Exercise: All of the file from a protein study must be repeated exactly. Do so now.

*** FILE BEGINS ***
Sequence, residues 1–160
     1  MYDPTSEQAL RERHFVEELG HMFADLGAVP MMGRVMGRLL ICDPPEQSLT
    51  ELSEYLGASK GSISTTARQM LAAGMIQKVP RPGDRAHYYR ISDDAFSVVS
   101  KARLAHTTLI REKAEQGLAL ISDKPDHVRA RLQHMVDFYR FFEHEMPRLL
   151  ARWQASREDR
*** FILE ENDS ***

Sequence, residues 1–160
     1  MYDPTSEQAL RERHFVEELG HMFADLGAVP MMGRVMGRLL ICDPPEQSLT
    51  ELSEYLGASK GSISTTARQM LAAGMIQKVP RPGDRAHYYR ISDDAFSVVS
   101  KARLAHTTLI REKAEQGLAL ISDKPDHVRA RLQHMVDFYR FFEHEMPRLL
   151  ARWQASREDR